Amifostine to Prevent Side Effects in Patients Who Are Receiving Chemotherapy and Radiation Therapy for Limited-Stage Small Cell Lung Cancer
Recruitment status was Active, not recruiting
RATIONALE: Drugs used in chemotherapy use different ways to stop tumor cells from dividing so they stop growing or die. Drugs such as amifostine may protect normal cells from the side effects of chemotherapy and radiation therapy.
PURPOSE: Phase II trial to study the effectiveness of amifostine to prevent side effects in patients who are receiving chemotherapy and radiation therapy for limited-stage small cell lung cancer.
Drug/Agent Toxicity by Tissue/Organ
Drug: amifostine trihydrate
Radiation: radiation therapy
|Study Design:||Primary Purpose: Supportive Care|
|Official Title:||A Phase II Trial Using Amifostine as a Chemo/Radio Protective Agent in the Treatment of Limited Stage Small-Cell Lung Cancer|
|Study Start Date:||June 1997|
OBJECTIVES: I. Evaluate the reduction in toxicities by combining amifostine with cisplatin, etoposide, and radiotherapy in patients with limited stage small cell lung cancer. II. Evaluate the response rate to this combination by these patients. III. Evaluate the overall survival of patients treated with this regimen.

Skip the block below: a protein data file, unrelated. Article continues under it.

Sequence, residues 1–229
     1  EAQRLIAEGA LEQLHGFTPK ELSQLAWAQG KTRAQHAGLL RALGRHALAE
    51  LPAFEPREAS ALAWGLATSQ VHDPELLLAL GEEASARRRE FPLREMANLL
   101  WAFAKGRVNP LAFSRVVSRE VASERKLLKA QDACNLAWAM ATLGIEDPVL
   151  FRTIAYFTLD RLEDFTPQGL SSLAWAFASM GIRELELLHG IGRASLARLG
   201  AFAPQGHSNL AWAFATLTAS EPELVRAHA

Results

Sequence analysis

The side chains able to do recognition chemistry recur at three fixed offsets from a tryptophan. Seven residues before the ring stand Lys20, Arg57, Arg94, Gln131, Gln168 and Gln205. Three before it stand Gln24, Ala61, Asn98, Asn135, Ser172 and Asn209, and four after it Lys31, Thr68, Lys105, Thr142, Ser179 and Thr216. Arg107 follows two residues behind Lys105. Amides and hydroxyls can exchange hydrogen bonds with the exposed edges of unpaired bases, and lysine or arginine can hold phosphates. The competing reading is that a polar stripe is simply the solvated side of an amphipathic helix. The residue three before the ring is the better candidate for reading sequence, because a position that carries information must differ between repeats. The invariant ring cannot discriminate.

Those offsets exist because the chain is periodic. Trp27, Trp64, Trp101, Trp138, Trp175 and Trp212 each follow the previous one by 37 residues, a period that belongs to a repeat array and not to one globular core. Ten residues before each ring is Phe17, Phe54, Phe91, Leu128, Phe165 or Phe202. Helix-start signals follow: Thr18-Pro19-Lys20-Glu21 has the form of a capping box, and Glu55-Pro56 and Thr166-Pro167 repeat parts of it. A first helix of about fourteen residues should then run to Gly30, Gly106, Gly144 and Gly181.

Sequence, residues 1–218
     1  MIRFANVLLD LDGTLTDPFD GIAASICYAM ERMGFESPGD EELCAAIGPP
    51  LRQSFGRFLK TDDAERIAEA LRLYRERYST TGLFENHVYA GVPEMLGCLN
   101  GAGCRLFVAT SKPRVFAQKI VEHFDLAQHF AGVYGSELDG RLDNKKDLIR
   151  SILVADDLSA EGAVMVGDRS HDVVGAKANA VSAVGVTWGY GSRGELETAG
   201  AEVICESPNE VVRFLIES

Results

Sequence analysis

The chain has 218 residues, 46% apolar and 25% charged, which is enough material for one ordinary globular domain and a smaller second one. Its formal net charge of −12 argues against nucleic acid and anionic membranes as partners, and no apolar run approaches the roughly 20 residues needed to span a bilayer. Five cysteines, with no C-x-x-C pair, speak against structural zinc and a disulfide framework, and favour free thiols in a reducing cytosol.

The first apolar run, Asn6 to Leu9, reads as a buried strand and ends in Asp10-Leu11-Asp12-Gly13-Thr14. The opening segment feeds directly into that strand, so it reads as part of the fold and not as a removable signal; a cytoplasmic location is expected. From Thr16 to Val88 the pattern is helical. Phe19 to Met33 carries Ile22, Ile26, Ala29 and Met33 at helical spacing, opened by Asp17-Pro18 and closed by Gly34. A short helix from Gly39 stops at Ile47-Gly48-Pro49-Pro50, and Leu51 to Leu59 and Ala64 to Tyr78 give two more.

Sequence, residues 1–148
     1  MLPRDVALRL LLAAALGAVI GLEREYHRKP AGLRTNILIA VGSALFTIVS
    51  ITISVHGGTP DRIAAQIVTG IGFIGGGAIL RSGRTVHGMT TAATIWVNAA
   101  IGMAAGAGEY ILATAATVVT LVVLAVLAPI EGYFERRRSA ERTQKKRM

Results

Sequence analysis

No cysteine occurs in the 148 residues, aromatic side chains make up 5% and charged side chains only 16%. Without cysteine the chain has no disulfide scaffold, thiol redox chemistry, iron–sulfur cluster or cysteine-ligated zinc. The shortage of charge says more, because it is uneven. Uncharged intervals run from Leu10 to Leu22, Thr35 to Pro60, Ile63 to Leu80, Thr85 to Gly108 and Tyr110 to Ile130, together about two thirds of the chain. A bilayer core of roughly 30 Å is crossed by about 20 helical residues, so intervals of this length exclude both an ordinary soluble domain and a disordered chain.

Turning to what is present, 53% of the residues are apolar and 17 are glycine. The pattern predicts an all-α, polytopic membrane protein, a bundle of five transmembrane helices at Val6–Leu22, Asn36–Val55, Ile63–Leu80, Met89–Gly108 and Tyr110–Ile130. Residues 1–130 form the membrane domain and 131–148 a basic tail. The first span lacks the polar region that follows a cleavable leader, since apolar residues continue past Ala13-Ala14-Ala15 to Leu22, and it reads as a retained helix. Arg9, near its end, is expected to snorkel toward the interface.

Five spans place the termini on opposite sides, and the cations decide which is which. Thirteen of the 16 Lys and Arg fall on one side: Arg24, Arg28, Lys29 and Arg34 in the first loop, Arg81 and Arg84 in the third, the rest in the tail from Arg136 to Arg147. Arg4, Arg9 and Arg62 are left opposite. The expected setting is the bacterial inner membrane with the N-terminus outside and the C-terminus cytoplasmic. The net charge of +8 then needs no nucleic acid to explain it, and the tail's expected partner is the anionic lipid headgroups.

OUTLINE: This is a multicenter study. Patients receive cisplatin IV on day 1 and etoposide IV daily on days 1-3. This course is repeated every 3 weeks for a total for 4 courses. Patients also receive concurrent radiotherapy 5 days per week for 5.5 weeks starting with the first course of chemotherapy. Patients receive amifostine IV over 15 minutes 15-30 minutes prior to each dose of chemotherapy on days 1-3. Patients are followed at 6 and 12 weeks, then every 3 months for 9 months, every 6 months for 1 year, and then until death.
PROJECTED ACCRUAL: There will be 20 patients accrued into this study.
|United States, Florida|
|University of Florida - Gainesville|
|Gainesville, Florida, United States, 32610-0277|
|Study Chair:||Dean L. McCarley, MD||Veterans Affairs Medical Center - Gainesville|